The continuous teaching of courses like typewriting and shorthand is an involuntary attempt on the part of educators to sabotage the future career progress of students.
At this juncture, the author wish to give an imaginary scene. Imagine Donald Trump is to drive through the gate of the school and see students carrying typewriter to class to learn. Have you imagined the kind of words he will use this time around? I believe at the end of the day, you will be thinking towards changing your citizenship from being a Nigerian.
Why should we teach typewriting and shorthand at all? Is everything really ok with the system? Where are we going with this? Have you ever asked? Just imagine, the author’s younger sibling, who is already writing html codes and doing all the author’s website jobs, coming to school to learn skills for his survival, which the author may have convinced him to take, and you come and teach him typewriter. Who does that? He will run for his life. He will reject the course, the institution and everything that has to do with such course.
What do educators really want with shorthand? Do they really want the students to come together, plan themselves and refuse to attend a typewriter class before our educators and curriculum planners can revisit the curriculum? What are they really waiting for? What benefit is there that we cannot see in computers that we still teach it? In a different organization where the author have much managerial control, the author will never subject himself to be ruled by administrators who are not ICT compliant, because this is where the problem is coming from. The author can never support the appointment of a manager or an administrator who is not on social media. Because people of such nature like colonial things and will support the teaching of typewriting and shorthand and this will not only stagnate the growth of the organization but also kill the conceptual skills of staff with high intellect.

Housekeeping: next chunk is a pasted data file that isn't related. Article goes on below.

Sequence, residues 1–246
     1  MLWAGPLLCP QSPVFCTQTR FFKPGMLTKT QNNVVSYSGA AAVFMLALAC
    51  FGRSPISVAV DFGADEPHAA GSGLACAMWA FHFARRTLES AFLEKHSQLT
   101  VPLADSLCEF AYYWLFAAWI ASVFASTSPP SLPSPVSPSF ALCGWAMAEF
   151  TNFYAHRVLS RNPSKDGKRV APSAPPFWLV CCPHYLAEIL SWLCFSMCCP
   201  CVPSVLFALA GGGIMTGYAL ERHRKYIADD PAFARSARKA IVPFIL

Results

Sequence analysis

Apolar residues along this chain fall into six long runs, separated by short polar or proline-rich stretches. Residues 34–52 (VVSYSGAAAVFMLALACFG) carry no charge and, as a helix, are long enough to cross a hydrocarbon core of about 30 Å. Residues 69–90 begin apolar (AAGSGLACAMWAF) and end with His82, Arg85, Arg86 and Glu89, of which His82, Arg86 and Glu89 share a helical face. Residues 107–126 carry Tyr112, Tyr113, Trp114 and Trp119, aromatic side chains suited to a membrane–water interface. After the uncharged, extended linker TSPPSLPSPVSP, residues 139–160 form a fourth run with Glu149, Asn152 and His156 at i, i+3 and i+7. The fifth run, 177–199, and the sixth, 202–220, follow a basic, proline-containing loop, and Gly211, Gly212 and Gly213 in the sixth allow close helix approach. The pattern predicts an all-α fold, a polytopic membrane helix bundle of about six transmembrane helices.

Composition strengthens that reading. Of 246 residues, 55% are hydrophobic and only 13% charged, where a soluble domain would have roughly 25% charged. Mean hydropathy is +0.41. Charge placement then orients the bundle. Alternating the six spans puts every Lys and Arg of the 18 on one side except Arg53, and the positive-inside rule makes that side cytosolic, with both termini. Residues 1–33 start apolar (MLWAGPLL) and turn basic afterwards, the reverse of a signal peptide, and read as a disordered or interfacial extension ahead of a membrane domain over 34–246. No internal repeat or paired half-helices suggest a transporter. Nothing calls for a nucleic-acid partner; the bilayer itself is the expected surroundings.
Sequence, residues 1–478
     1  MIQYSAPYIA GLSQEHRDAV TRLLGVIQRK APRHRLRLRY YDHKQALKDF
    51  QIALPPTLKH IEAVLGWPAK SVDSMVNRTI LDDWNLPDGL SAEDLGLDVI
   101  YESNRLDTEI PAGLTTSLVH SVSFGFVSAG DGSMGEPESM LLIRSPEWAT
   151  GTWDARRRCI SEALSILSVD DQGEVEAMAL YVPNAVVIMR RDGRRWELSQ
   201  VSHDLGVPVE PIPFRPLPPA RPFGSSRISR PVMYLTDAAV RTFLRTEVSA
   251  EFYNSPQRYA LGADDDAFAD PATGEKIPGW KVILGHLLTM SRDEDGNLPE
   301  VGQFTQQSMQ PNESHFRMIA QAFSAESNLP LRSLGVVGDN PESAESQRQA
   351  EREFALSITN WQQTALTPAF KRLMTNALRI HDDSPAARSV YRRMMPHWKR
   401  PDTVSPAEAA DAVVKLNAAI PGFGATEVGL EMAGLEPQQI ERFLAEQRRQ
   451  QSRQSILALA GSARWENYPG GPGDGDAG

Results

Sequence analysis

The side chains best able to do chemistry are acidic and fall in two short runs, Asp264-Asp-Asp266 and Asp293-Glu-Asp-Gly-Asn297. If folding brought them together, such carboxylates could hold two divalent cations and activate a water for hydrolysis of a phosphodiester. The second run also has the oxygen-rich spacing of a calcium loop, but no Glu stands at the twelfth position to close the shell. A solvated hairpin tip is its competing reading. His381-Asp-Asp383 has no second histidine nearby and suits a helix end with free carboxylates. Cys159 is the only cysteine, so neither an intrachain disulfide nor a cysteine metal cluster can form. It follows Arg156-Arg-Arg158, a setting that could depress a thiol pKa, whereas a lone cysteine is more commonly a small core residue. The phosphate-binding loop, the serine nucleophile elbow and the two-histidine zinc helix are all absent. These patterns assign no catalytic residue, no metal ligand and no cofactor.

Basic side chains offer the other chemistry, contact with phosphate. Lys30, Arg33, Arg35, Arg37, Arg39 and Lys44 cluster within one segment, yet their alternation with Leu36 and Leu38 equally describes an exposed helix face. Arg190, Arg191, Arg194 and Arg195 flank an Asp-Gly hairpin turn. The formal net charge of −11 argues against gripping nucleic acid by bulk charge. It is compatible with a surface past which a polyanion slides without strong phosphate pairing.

At this point, educators should ask themselves. Of what relevance is typewriting and shorthand? How has it benefited them or their products? Ask your secretary, madam, how can typewriting and shorthand help you in this office? Can you as an educator or curriculum expert pay your child’s school fees to study typewriting and shorthand if there was a full blown course of study like that? If you were as student now, with your level of intellect, would you have entered a typewriting and shorthand class? If not, why teach our children an outdated course? Why?
Arguments for and Against the Relevance of Typewriting and Shorthand.
Perception on the relevance of typewriter and shorthand is highly influenced by extent of ICT compliance of the individual preceptor. Some authors are of the school of thought that the curriculum experts are not fools and that they have a purpose for adding typewriting and shorthand to the curriculum. These persons maintained that typewriting and shorthand are foundational courses to learning computers. They believe that the knowledge of typewriter should assist in transiting to computer application. Persons who maintained this school of thought intend to tell us that since our fathers trekked from Bayelsa to Lagos for trade purpose, that for we to fully know
the routes to Lagos, we should then trek to Lagos too in this our contemporary time. After successfully trekking to Lagos on the first trip, we can start driving our vehicles to Lagos on subsequent trips because we have known the routes through trekking. What a weird and wonderful thinking. You see? This is why the author stated it earlier that he cannot allow persons who are not ICT compliant to lead him because these set of administrators are like clog in the wheels of development and when under them, progress is a slow process if at all there is any under their administration and supervision.